Consistent with other studies [1, 2, 10], malignant nodules showed higher signal intensity and contrast in our study on T2-weighted images (T2WI), bSSFP, and THRIVE. Calcified nodules were visible on THRIVE but not on T2WI, which matches the statement of two studies that calcification shortens T2 but not T1 relaxation time [15, 16]. Subsolid nodules can turn in carcinomas with lepidic growth. Based on our study results, a subsolid appearance seems to manifest in lower signal intensity on all MRI-sequences. Subsolid nodules were detected with a sensitivity of 88% in our study, which is comparable to Koyama et al. (78%) [10].

T2WI with and without fat suppression were most capable of detecting nodules in our study as well as in different other studies [2, 9, 10]. Based on our results, the T2-STIR sequence provided the highest sensitivity and specificity for nodules in total, and showed the highest contrast for malignant nodules. The advantage of the T2-STIR sequence might be explained by the fact that T1- and T2-contrasts are additive in STIR imaging, which is helpful, since many pathological lesions demonstrate an increase in both T2 and T1 [10, 17]. Even though the T2-STIR sequence was most suitable, it must be considered that MRI sequences are commonly viewed in synopsis, and that a definite diagnosis is normally made, when lesions are visible in more than one sequence.


Malignant nodules, as well as calcified and subsolid nodules seem to have distinctive characteristics on different MRI sequences, which could help in the assessment of malignancy. T2-weighted imaging was most suitable for the detection of pulmonary nodules ≥6 mm with a very high sensitivity and specificity.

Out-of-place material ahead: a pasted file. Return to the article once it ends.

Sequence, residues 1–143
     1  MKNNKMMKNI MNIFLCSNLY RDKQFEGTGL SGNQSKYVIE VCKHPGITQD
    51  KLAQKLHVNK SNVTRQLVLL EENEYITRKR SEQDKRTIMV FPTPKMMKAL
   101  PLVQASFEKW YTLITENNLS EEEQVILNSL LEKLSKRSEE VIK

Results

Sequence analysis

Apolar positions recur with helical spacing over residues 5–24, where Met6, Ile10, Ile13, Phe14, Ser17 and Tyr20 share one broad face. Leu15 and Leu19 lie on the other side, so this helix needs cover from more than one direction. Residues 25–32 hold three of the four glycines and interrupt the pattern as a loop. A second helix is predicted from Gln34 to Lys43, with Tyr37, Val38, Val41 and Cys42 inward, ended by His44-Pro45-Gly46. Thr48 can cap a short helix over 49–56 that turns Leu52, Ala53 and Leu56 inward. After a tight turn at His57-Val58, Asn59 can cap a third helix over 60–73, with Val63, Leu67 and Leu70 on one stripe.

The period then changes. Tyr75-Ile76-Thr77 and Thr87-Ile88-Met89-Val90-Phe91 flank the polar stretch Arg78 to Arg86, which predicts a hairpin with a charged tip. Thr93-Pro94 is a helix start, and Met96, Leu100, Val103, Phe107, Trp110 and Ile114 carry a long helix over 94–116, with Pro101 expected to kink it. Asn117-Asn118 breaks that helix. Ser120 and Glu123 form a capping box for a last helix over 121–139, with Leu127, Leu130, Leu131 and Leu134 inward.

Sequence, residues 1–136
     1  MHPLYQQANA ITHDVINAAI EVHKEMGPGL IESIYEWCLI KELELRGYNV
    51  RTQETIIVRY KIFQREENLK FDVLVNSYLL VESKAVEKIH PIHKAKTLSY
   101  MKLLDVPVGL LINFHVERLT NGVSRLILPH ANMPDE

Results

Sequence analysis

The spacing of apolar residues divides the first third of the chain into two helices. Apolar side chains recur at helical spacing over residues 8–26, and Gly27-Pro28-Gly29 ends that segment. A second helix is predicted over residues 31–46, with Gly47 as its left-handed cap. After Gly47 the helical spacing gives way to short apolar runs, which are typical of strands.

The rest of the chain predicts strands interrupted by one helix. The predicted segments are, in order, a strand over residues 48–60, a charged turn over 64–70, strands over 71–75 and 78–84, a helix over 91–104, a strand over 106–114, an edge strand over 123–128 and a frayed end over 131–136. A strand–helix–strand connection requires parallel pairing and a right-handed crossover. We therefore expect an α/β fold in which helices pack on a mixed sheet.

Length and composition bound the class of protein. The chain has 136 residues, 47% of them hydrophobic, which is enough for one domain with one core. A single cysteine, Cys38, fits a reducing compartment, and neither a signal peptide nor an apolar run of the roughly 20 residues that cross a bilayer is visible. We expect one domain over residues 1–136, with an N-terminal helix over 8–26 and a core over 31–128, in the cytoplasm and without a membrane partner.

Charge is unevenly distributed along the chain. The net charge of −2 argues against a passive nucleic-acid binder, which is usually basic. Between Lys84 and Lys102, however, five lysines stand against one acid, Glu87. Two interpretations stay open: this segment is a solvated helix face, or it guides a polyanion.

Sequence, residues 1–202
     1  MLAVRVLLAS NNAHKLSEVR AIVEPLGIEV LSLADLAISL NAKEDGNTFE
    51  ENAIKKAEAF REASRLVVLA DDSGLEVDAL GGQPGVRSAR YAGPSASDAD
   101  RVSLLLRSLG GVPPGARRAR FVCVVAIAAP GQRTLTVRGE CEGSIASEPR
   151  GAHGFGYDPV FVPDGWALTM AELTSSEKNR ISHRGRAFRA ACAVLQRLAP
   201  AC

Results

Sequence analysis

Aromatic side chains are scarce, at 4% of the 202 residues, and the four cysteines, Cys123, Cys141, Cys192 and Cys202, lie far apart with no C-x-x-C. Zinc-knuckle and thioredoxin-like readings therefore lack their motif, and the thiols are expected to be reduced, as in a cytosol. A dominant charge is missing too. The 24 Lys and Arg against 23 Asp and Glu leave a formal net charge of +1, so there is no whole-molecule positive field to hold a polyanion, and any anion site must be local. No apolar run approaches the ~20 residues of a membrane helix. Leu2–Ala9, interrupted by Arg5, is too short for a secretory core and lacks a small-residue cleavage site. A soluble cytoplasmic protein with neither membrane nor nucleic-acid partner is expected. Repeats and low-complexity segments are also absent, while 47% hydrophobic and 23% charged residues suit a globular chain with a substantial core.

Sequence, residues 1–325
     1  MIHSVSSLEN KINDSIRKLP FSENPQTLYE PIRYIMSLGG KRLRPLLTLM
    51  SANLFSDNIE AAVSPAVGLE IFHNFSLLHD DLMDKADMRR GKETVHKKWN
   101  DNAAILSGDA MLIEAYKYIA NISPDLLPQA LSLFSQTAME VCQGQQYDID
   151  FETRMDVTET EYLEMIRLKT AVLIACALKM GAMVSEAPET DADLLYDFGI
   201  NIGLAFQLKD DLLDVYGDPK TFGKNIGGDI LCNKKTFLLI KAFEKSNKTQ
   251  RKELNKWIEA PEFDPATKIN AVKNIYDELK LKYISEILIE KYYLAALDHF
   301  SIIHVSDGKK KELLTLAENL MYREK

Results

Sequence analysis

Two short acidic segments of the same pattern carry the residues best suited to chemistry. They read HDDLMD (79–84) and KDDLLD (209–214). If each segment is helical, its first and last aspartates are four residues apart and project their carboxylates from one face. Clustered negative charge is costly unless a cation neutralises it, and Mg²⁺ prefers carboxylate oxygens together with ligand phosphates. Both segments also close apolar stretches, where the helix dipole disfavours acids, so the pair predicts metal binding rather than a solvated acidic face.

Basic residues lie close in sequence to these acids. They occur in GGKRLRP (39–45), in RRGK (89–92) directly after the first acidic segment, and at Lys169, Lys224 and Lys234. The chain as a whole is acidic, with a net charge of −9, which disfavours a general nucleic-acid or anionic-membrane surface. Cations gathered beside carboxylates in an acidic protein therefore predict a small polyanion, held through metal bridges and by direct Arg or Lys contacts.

No acknowledgement found.


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Table 1: Imaging parameters of the scan protocol.

Table 2: Number of nodules separated by shape being detected on different MRI sequences (results of LDCT in parentheses).

Table 3: Number of true positive, false positive and false negative nodules, as well as sensitivity, specificity, positive predictive value (PPV) and negative predictive value (NPV) for each MRI sequence, with LDCT as reference.

Table 4: Mean and median signal intensity and contrast of T2-STIR, T2, bSSFP and THRIVE, as well as ADC-values of malignant and benign nodules. Only true positive nodules were included.

Figure 1: Subsolid nodule with a size of 11 mm in the right upper lobe. From left to right: CT soft tissue window, CT lung window, T2-STIR, T2, bSSFP, THRIVE. This nodule was prospectively not visible on THRIVE.

Figure 2: Calcified nodule with a size of 6 mm in the right upper lobe. From left to right: CT soft tissue window, CT lung window, T2-STIR, T2, bSSFP, THRIVE. This nodule was not visible on T2-STIR and T2 despite hard windowing, and only slightly hyperintense on bSSFP.

Figure 3: NSCLC with spicules and a size of 13 mm in the right upper lobe. From left to right: CT soft tissue window, CT lung window, T2-STIR, T2, bSSFP, THRIVE. This nodule and its spicules were visible on all MRI sequences.

Proc. Intl. Soc. Mag. Reson. Med. 26 (2018)